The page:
The South African
Military History Society

Die Suid-Afrikaanse Krygshistoriese Vereniging

Military History Journal
Vol 16 No 1 - June 2013

The South African Naval Museum: 20 years
1 April 1993 to 1 April 2013

By Lt Cdr L Steyn, Curator SA Naval Museum

The South African Naval Museum was established at its current location in Simon's Town on 1 April 1993.

The origins of the Naval Museum date back to 1966 when a naval historical collection was displayed at the Castle Military and Maritime Museum in Cape Town. In the mid-1970s this collection was transferred to the Martello Tower in Simon's Town and, thereafter, to Fort Wynyard in Cape Town, where it was enlarged to include a much wider display of naval associated artifacts. With the decentralization of museums from the former Director Military Museums to the Arms of Service in June 1987, Martello Tower was transferred to the functional control of the SA Navy, while Fort Wynyard was transferred to Western Province Command (SAArmy).

Investigations to establish a dedicated museum for the SA Navy in Simon's Town were launched during 1988 and the project, dubbed Project Oubos, was registered at Navy Headquarters. It was eventually decided that the most appropriate location for the new museum would be the former Royal Navy Mast House that dates back to 1815 and the adjacent Dutch Store House that dates back to 1743. Both buildings are located in the historic West Yard of Naval Base Simon's Town.

A 4.7 inch naval gun guards the entrance to the SA Naval Museum
in the historic Sail Loft and Mast House, built in 1814.

The new SA Naval Museum was opened by Chief of the Navy Vice Admiral Simpson-Anderson on 1 April 1993. The first phase of the new display comprised exhibitions of the historic clock tower and part of the sail loft, while the second phase of the development included the utilization of two display areas on ground level of the historic Mast House, depicting the history and functioning of the Submarine, Divers and Weapons branch.

Under the skillful guidance of the curator, Cdr Mac Bisset, a huge amount of work was done to prepare the building and displays. The South African Navy themselves assisted with much of the work to transform the building from store to museum. Units of the SA Navy took ownership of the new museum and contributed greatly to the donation of numerous items and the mounting of the new displays themselves.

SAS Assegaai Submarine Museum

In November 2003 the South African Navy decommissioned the last of its three DAPHNE Class submarines, the SAS Assegaai(formerly the SAS Johanna van der Merwe) , in preparation for the introduction of the new Type 209 Submarines. A submission was made to the Chief of the Navy and the Naval Board to preserve the SAS Assegaai as an exhibit at the SA Naval Museum in Simon's Town.

Approval was duly given and during December 2010 the submarine (still in the water) was opened to the public on a trial basis. Africa's first submarine museum was officially opened in Simon's Town on 1 March 2011 by Chief of the Navy, Vice Admiral Mudimu.

The project management team consists almost entirely of retired Naval personnel and volunteers. They provide guided tours through the submarine on a daily basis. The main purpose of the project is to preserve the submarine as a museum and to promote technology and science amongst the youth. The official opening marked the first step in the Assegaai's eventual placement ashore at the SA Naval Museum.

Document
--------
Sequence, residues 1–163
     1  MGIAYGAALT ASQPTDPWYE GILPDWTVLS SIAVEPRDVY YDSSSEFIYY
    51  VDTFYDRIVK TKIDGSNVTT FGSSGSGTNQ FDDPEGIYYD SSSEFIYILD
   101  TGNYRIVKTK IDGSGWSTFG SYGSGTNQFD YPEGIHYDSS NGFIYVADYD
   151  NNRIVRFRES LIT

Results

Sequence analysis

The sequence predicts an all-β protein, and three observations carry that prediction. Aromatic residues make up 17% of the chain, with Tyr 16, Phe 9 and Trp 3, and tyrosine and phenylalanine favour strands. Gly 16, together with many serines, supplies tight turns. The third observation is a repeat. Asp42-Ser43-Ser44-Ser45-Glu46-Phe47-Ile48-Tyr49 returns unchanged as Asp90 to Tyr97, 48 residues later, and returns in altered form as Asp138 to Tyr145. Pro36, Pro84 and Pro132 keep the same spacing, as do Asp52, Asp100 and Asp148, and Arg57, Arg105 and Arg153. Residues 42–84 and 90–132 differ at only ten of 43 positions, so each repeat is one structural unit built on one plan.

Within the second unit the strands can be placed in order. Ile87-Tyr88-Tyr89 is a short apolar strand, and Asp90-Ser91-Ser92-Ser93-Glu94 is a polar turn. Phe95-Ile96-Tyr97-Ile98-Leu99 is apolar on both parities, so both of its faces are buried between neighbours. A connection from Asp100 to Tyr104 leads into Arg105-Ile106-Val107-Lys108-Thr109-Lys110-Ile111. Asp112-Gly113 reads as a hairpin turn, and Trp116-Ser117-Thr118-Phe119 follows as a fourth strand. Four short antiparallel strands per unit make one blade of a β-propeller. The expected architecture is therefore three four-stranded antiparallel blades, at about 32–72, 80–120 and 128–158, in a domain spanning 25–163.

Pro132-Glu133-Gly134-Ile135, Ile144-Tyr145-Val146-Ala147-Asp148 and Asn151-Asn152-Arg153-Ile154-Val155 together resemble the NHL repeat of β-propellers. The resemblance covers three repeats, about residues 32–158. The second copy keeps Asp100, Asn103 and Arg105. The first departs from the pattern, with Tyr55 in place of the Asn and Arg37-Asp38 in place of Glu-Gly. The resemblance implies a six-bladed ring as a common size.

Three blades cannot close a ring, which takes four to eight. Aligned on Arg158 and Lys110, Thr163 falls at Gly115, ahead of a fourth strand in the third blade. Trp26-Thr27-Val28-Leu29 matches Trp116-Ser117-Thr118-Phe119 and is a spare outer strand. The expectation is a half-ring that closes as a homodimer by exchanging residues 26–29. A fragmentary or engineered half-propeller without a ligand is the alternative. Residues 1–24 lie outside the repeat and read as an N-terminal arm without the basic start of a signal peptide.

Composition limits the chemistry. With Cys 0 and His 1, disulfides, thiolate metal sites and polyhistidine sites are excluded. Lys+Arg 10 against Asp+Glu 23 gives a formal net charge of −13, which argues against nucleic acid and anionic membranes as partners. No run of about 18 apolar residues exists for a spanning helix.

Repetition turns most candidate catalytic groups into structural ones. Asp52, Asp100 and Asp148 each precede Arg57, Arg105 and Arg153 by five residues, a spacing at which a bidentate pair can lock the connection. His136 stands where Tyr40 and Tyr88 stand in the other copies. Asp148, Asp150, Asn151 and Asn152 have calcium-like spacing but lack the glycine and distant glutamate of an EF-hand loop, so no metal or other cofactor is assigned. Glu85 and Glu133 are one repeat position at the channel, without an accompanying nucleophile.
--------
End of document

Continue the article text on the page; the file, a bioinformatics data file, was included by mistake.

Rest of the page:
The SAS Assegaai, previously SAS Johanna van der Merwe, was one of three French Daphne Class submarines
that saw operational service with the SA Navy between 1972 and 2003. While the other two boats were scrapped,
Assegaai was opened as a museum in 2011, the first of its kind in South Africa.

Transformation Display

The South African Navy has been in the forefront of Transformation and Integration since the early 1970s. The successful absorption of previously excluded groups such as the SA Coloured Corps, Indian Training Corps and even women (Swans) into naval service was significant for its time.

The historic transitional events of the early 1990s brought a total of just over 500 members of UmKhonto we Sizwe (MK), the ANC's military wing, and the Azanian People's Liberation Army (APLA), the PAC's military wing, to the SA Navy.

Two MK trainees, P T Duze (left) and M Lobese (middle), with three Angolan comrades
at the Naval Red Banner College in Baku in 1989. Both members integrated into the SA Navy
and had achieved the rank of R Adm by 2012.

The success of the 1994 integration training programme at SAS Saldanha served as an example for the rest of the South African National Defence Force (SANDF) and would eventually lead to the development of the successful present day Military Skills Development programme being followed at Saldanha by new recruits.

This new display is currently under construction and it is anticipated to open to the public by mid-2013.


Cdr W M Bisset 1985 - 2002
Cdr E Wesselo 2002 - 2004
Cdr A Dutton 2005 - 2008
Cdr C Pratten 2008 - 2010
Lt Cdr L Steyn 2011 - date

SA Naval Museum contact details:
Tel: 021 787 4686

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